21 January 2017, Sat, 10:26

HRW asks Bangladesh government to disband RAB

Following the Narayanganj seven-murder verdict, the Human Rights Watch has urged the government to take immediate steps to disband Rapid Action Battalion and replace it with a rights respecting force.

A Narayanganj court on Monday sentenced 26 people, including 16 former Rab members, to death for their role in the seven-murder. Besides, nine other ex-Rab members were sentenced to different prison terms.

The HRW has termed the verdict a "rare one", but opposed the death penalty and urged the government not to carry out the order.

"While in opposition, the Awami League called for the disbanding of Rab. Before taking office in 2009, Prime Minister Sheikh Hasina said she would reform Rab. This has not happened, so it is time for the government to take immediate steps to disband Rab and replace it with a rights respecting force," it said.

The HRW said for years, Rab has been deployed by successive governments not only to fight crime, but often as an "in-house death squad, leaving a string of extrajudicial killings -- often referred to as “crossfire” deaths, torture, disappearances, and arbitrary arrests in their wake."

In a press statement on Thursday, the New York-based rights body said for years, almost no Rab members were held to account for these crimes.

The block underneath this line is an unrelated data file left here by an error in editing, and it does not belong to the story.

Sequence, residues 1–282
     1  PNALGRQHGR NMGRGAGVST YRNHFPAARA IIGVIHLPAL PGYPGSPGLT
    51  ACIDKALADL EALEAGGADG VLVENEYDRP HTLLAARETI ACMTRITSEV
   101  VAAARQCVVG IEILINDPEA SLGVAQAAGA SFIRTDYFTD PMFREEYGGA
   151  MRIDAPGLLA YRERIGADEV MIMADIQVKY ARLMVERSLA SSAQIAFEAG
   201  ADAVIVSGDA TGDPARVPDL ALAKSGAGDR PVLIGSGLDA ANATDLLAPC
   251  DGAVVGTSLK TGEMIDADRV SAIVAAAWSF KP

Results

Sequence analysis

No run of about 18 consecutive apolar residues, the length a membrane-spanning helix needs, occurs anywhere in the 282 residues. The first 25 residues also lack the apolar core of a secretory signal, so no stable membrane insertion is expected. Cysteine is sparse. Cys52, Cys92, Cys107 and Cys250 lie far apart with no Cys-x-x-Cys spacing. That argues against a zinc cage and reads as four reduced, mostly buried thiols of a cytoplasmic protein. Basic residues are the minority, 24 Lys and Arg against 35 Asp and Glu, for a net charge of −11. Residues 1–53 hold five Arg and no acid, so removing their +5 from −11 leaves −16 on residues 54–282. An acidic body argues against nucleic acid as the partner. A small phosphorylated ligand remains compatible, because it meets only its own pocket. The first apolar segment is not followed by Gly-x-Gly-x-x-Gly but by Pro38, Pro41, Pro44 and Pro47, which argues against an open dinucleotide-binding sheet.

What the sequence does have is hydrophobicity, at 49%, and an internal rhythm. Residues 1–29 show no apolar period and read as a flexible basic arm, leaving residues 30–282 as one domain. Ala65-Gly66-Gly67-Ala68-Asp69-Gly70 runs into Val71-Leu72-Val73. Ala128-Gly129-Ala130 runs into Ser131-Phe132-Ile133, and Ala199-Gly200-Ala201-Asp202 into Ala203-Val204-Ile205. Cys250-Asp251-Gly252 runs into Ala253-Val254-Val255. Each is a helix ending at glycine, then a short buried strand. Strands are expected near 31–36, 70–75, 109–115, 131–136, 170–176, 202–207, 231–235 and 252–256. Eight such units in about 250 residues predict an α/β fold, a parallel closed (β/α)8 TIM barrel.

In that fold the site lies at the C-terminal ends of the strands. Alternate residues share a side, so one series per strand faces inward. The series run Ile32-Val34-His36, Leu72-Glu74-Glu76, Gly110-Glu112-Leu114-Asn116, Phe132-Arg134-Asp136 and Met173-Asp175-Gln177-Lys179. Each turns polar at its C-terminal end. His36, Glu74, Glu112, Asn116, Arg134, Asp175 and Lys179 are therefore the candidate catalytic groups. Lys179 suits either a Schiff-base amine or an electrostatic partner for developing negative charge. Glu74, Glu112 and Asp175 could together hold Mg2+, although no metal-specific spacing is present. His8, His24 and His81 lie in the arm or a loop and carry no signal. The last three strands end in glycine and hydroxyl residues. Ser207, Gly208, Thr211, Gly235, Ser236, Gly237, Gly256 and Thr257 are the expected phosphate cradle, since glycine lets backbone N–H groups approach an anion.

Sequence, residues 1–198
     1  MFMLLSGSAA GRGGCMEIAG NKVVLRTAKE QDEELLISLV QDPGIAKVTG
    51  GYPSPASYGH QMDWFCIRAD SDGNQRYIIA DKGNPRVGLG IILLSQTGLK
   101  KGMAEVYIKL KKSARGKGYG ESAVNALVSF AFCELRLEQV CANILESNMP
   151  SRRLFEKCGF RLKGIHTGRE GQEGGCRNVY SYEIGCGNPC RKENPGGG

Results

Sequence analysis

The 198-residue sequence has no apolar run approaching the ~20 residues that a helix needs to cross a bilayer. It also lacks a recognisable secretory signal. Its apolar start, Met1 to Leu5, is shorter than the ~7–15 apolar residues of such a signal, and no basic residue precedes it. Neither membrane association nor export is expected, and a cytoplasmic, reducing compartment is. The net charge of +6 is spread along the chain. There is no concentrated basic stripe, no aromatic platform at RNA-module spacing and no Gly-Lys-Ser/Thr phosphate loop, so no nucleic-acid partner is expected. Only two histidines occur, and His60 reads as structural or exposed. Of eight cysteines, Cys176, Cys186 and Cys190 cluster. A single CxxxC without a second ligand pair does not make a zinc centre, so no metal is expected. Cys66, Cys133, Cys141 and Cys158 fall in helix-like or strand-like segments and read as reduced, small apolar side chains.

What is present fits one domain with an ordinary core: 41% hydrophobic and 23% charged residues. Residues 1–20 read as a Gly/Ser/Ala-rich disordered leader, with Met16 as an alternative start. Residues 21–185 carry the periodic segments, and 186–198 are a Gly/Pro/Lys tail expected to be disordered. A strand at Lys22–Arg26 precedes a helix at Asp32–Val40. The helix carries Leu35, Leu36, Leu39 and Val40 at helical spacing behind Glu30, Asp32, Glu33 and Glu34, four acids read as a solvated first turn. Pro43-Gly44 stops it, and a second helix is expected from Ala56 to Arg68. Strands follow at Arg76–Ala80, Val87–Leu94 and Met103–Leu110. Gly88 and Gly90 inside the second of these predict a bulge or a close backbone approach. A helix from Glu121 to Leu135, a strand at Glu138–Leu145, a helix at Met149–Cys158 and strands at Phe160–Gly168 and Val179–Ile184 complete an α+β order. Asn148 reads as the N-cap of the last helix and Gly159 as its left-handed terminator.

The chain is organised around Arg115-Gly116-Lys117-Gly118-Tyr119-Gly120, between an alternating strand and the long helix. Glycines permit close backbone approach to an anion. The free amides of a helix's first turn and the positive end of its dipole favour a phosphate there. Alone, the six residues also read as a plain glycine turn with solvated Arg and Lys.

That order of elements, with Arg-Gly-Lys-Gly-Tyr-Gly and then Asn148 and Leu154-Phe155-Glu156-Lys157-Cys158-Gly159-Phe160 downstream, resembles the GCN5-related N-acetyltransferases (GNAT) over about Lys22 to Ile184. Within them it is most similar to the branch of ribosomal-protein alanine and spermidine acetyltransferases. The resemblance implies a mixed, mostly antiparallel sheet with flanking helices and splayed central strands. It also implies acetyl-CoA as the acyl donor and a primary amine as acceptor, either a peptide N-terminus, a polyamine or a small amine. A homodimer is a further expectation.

Lauding the prosecution of Rab members, the HRW said, “Yet it should not only happen when the victim is a ruling party member.”

It said for too long, Rab officials have been "shielded" from prosecution by successive governments, some even justifying their crimes.

Blaming the government for responsible for the situation, the rights organisation said the government has created "the climate of impunity".

“In recent cases, when Rab and other law enforcement agencies have disappeared people, witnesses say officers arrived claiming they were from the 'administration', an open admission they worked for the state. Many of the disappeared people have later turned up dead.”

Rab is a mixed force of police and soldiers, the press statement said, adding that although it is formally led by a civilian officer, it is "the army that controls Rab".

Involving trained-to-kill soldiers in law enforcement is inherently risky, but the police also have their own problems with abuse, the statement added.

In recent years, members of the Detective Branch of police have also been responsible for "Rab-style serious human rights violations, including deliberately maiming suspects in custody by shooting them in the leg", the HRW mentioned.